Benefits and Risks of Buy Now, Pay Later Products

Advocate Andy

Services like AfterPay and Klarna are convenient but risky

A group of U.S. Senators led by Jack Reed of Rhode Island wrote a letter to the Consumer Financial Protection Bureau (CFPB) calling for closer scrutiny and better regulation of Buy Now, Pay Later (BNPL) products (such as Klarna and AfterPay).

The Senators noted:

“While the emergence of BNPL as affordable small-dollar credit has potentially provided an alternative to more costly forms of credit, these products also have the potential to cause consumer harm. Many BNPL providers structure these products in an effort to avoid certain consumer protection obligations under the Truth in Lending Act or the Military Lending Act, which generally apply to loans that are repayable in more than four installments or are subject to a finance charge. BNPL products generally do not receive all of the protections credit cards have, including those governing ability-to-repay, monthly statements, reasonable and proportional penalty fees, and the ability to raise merchant-related disputes.

Reed was joined by Senators Sherrod Brown of Ohio, Elizabeth Warren of Massachusetts, Chris Van Hollen of Maryland, Tina Smith of Minnesota, and Jon Ossoff of Georgia in calling for CFPB oversight of the BNPL products.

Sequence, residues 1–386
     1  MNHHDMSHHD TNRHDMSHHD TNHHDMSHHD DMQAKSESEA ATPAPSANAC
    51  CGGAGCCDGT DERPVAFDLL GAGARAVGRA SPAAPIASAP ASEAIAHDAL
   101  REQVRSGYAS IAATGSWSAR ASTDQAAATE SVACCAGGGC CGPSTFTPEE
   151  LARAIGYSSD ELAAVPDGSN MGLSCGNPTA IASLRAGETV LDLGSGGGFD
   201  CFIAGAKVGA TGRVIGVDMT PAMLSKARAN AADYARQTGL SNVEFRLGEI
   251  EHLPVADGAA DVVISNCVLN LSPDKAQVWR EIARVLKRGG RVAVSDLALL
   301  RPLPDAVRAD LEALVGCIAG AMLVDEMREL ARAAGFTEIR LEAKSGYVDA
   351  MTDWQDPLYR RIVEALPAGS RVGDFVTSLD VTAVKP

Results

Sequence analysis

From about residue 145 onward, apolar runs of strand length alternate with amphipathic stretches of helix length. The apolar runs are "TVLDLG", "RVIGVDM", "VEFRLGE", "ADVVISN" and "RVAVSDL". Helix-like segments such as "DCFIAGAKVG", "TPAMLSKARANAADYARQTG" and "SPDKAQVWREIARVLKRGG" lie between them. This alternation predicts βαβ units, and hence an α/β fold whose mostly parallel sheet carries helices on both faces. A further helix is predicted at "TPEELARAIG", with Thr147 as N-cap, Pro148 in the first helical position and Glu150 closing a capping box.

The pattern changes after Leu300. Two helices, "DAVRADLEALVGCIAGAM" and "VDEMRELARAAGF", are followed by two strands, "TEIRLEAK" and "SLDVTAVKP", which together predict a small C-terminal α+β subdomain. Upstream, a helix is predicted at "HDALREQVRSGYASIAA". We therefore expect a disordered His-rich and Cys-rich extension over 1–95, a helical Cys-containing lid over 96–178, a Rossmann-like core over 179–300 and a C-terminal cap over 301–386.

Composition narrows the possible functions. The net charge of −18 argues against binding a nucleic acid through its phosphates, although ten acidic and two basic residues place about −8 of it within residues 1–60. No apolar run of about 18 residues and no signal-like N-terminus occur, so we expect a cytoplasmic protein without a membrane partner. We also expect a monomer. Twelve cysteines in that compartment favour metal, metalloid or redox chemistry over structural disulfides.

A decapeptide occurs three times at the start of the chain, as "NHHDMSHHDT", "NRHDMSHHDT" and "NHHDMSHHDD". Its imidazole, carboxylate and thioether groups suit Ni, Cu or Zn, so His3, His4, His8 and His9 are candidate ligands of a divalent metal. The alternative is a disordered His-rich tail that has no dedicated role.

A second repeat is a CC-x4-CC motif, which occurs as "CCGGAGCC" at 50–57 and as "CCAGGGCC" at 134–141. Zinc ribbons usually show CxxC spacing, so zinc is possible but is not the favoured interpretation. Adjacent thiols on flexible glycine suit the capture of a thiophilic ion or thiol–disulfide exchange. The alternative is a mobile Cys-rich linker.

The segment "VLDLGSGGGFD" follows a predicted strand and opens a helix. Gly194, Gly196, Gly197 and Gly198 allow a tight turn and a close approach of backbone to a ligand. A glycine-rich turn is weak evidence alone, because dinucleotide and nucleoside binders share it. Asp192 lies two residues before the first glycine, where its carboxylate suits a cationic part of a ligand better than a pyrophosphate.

The call by these Senators comes as consumer groups have noted both the benefits to consumers and the potential risks.

Lauren Saunders of the National Consumer Law Center (NCLC) says of these products:

Buy-now-pay-later products, if affordable and truly free to the consumer, may help consumers manage larger purchases without the long-term debt and high costs of credit cards. But some BNPL products may have deceptive and abusive profit models built on the expectation of late fees from struggling consumers.

In addition to late fees, a report from CNBC notes that BNPL products can have a negative impact on a consumer’s credit score:

“While the record of on-time payments can boost your credit, you could see a blow to your score from using the [BNPL] service,” says Leslie Tayne, founder and managing director at Tayne Law Group. “Every purchase you make with a POS loan is considered a separate account on your credit report that gets closed once you pay off the balance. Since these loans are short-term (generally six weeks), they can bring down the average age of your credit history considerably — especially if you’re a regular borrower.”

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Andy Spears is a middle Tennessee writer and policy advocate. He reports on news around public policy issues - education, health care, consumer protection, and more.

Nashville, TN
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